The setting is much like 'The Chappelle Show.' Comedians Michael Key and Jordan Peele bound out on stage in front of a live audience. They perform a few stand-up bits as they introduce the comedy sketches they have already filmed. It's a tried and true sketch show formula and it works here.
Key and Peele use their bi-racial backgrounds – they're both half-white and half-black – as a driving force in their skits, which are almost always tinged with some sort of politically incorrect race-focused subject matter. Peele provides, for my money, the best President Obama impersonation. They throw Obama into as many sketches as possible, the best being a skit where Obama is provided an anger translator named Luther, played by Key. Obama, always talking in the same tone, is in need of someone who can accurately translate his disgust and contempt. It's a really funny skit, but they have many more.
Race and its myriad of stereotypes are on constant display here as Key and Peele lampoon just about every one of them. Nothing is off limits here. Everything from the zombie apocalypse to yo-mamma jokes are fair game. There's even a skit that pits Malcolm X and Martin Luther King Jr. against each other, in a stage play. Each one trying to outdo the other with the most insightful comments. How they think this stuff up is beyond me, I'm just glad they did.
The production value for the skits is surprisingly well done. They look extremely polished and nicely photographed. There's nothing in the show that looks chintzy or low-budget, which makes for skits that are able to really suck you straight into the scene without much hesitation.
It will remind you of 'The Chappelle Show' for sure. Its tone, spirit, and formula seem derivative of it. However, Key and Peele are great at creating seven minute skits that get right to the heart of the matter. Their set-up is smooth and the pay-off usually ends in gut-wrenching laughter. The skit of Lil' Wayne's recent incarceration had me laughing so hard I was crying. They excel at setting up a situation and getting to the punch line with ease.
If you're easily offended then 'Key & Peele' isn't for you. It's quite vulgar at times and takes as many racial potshots as possible. They offend everyone equally and often. There's even a sketch that employs white-face. Yeah, they're not really afraid to take their comedy into taboo territory.
If you're into topical humor that skewers all things political, racial, and cultural then this is the show for you.
The Blu-ray: Vital Disc Stats
This is a Comedy Central/Paramount release. The first season's 176 minutes fit comfortably on one 50GB Blu-ray Disc. The season has eight 20-minute episodes included. The disc is packaged in a standard eco-friendly keepcase. It's coded for Region A use.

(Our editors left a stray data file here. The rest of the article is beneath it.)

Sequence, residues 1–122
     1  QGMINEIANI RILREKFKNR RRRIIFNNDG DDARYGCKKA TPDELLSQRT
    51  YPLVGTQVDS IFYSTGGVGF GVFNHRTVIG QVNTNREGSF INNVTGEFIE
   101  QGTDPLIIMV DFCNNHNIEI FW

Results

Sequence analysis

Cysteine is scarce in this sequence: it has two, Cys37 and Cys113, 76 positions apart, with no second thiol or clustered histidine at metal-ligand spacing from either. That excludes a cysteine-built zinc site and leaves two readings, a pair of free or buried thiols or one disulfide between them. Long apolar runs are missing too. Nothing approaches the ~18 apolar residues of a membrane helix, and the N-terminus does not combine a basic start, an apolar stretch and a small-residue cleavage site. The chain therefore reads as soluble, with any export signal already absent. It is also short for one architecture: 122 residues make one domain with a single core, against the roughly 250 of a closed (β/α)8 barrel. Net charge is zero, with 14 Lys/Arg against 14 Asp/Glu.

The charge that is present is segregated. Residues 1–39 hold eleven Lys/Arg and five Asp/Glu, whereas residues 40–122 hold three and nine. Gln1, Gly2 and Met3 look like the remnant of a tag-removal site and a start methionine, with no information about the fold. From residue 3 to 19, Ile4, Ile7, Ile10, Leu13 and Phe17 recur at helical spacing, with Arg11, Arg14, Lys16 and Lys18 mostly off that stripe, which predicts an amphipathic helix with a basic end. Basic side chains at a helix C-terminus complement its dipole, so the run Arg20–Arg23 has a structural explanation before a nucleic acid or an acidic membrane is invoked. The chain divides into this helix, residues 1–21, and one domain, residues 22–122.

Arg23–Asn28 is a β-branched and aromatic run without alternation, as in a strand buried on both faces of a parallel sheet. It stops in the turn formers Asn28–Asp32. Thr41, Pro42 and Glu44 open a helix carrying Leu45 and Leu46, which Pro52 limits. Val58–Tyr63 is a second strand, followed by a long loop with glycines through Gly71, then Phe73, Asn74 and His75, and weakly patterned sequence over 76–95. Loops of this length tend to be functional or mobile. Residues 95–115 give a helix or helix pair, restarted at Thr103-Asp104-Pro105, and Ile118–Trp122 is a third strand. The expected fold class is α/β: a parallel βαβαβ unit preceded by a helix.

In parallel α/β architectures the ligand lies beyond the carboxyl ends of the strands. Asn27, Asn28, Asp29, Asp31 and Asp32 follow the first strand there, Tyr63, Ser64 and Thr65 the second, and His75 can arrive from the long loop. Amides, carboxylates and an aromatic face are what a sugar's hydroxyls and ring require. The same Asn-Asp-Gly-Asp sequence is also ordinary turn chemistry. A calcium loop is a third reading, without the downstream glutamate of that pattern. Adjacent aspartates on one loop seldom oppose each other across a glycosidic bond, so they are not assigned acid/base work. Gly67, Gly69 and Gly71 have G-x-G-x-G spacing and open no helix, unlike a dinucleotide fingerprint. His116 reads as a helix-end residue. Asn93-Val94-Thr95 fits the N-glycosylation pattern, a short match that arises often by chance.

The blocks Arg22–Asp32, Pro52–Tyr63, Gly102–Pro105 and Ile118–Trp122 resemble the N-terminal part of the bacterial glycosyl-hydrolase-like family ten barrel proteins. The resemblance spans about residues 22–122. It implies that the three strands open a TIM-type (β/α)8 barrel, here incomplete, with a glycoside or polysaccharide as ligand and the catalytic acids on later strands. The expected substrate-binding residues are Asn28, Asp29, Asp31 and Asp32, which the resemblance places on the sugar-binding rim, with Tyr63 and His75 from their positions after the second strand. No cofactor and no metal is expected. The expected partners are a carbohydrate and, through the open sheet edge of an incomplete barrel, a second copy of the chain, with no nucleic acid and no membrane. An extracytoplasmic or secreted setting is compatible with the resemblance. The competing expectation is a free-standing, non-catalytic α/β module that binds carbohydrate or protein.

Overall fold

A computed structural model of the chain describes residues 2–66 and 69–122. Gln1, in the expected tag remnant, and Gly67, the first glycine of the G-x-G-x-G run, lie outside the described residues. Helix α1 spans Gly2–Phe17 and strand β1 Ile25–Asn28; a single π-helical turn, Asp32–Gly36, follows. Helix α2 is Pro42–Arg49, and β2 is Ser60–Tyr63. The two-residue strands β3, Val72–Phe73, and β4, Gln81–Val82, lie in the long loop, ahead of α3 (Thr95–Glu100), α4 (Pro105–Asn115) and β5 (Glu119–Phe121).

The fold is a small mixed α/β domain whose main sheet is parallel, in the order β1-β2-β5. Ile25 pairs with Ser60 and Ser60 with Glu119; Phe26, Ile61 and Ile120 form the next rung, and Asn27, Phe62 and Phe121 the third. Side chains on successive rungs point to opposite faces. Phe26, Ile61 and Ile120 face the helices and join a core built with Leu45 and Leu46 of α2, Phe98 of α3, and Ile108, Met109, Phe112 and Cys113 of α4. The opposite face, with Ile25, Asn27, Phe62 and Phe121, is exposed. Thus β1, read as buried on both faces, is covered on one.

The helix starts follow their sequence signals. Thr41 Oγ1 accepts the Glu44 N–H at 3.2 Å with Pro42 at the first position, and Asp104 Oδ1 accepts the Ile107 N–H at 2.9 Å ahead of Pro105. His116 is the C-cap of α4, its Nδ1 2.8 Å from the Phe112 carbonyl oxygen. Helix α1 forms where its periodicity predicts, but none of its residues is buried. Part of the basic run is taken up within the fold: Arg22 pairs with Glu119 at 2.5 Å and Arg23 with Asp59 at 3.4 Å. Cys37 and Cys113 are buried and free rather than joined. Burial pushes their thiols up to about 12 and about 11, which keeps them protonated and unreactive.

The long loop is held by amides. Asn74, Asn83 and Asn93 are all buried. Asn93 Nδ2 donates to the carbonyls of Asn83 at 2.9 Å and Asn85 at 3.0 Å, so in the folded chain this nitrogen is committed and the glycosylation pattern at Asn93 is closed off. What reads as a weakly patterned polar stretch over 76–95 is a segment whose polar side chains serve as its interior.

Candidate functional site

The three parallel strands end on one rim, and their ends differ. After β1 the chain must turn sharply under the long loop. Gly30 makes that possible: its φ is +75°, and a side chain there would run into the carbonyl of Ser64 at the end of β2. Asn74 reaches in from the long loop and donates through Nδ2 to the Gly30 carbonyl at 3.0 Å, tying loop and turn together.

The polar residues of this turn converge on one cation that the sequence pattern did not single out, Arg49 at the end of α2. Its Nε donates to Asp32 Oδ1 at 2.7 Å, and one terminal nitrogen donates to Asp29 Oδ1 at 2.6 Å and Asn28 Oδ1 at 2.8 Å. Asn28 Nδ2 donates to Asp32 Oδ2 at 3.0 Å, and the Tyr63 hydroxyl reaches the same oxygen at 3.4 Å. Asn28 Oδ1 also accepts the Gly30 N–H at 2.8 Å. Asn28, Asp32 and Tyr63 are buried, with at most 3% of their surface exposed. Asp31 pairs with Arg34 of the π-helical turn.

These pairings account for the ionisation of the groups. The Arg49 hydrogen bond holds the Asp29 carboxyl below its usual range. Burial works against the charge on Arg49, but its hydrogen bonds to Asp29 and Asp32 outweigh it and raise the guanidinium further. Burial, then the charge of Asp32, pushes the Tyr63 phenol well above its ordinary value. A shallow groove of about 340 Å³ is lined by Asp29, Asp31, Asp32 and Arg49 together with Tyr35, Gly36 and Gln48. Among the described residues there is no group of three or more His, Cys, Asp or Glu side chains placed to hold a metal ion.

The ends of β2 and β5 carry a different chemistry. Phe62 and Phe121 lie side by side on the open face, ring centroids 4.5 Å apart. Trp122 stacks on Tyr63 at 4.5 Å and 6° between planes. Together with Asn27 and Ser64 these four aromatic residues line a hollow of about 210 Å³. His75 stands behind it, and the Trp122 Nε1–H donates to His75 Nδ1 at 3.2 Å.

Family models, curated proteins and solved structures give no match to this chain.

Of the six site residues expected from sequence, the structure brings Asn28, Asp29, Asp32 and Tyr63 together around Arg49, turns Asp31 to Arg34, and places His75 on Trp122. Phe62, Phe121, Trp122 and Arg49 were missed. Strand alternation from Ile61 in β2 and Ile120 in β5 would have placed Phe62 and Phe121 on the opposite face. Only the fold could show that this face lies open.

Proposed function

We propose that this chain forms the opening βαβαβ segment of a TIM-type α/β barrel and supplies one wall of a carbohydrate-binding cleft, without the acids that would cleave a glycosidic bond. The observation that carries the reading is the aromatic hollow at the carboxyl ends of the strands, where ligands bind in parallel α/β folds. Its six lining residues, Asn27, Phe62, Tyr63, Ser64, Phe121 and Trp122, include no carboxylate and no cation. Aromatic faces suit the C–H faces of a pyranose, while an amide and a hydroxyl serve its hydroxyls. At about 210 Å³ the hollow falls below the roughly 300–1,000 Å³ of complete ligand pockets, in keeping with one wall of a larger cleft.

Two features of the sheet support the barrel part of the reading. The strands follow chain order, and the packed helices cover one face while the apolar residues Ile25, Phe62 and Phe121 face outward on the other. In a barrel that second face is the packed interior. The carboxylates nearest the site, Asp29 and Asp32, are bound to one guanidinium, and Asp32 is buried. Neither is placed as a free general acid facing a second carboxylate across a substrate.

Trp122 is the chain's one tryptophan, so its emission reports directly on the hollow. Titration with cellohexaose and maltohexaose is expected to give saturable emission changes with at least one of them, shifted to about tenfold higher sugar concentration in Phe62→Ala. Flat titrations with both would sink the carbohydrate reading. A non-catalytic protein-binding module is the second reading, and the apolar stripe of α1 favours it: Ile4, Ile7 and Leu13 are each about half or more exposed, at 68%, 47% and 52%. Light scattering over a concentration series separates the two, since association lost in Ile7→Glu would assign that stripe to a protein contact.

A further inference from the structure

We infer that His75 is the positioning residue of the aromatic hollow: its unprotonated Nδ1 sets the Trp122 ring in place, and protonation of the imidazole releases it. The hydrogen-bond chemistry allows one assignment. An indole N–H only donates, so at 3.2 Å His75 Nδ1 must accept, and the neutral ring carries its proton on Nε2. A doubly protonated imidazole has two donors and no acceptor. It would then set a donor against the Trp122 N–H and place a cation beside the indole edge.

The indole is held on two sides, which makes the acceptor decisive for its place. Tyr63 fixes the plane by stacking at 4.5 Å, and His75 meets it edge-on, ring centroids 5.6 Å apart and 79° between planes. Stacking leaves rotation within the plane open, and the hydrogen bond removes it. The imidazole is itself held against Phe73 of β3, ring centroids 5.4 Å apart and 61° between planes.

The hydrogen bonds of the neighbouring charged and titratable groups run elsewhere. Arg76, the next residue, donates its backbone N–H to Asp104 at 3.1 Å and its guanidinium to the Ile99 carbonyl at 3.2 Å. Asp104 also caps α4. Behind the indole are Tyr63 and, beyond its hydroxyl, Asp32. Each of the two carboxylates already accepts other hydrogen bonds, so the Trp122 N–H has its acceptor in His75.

The 1080p video presentation looks good for the most part, but does suffer from common ills associated with digitally filmed television shows. First off, well-lit scenes feature great facial details. Textures are soft and a little non-descript though. Individual hair strands can be seen, along with brow lines and smile creases.
Depth suffers in low-lit scenes though. Shadows take over with heavy blacks covering much of the scene. This in turn leads to some pretty flat-looking scenes whenever the lights have been turned down low. Another aspect of this transfer that isn't pleasing to the eye is the noticeable banding that can be seen in gradients in many of the show's backgrounds and around the edges of the scene. Colors turn out pretty natural with skin tones appearing genuine and primaries shimmering. It isn't flawless, but it does do a few things well enough.
'Key & Peele: Season 1' has been given a 5.1 Dolby TrueHD mix. The show is front-heavy as you may expect. The only real rear channel action that is had is when Key and Peele are addressing their audience. The applause usually bleeds back into the back speakers. The show's theme music also finds its way into the rear channels. Other than those few instances the rear speakers remain pretty silent simply because the skits are all focused up front with dialogue.
Speaking of dialogue is always clear and delivered in the front and center channels. Most of the dialogue comes directly from the center, with directionality placing a few lines of people off screen or near the edge of the scene in the appropriate channel. Bass is solid enough. There are a few hip-hop songs on the soundtrack that need some resonant bass and the LFE provides that.
It isn't for everyone. The easily offended will, most likely, be offended. People with thicker skin that can take a joke and appreciate some well-written satire will enjoy the kind of comedy Key and Peele have to offer. Season one breezes by a little too fast (you'll be done before you know it), but you'll laugh the entire way. With decent audio and video, this one is worth a look if you're in the mood to laugh.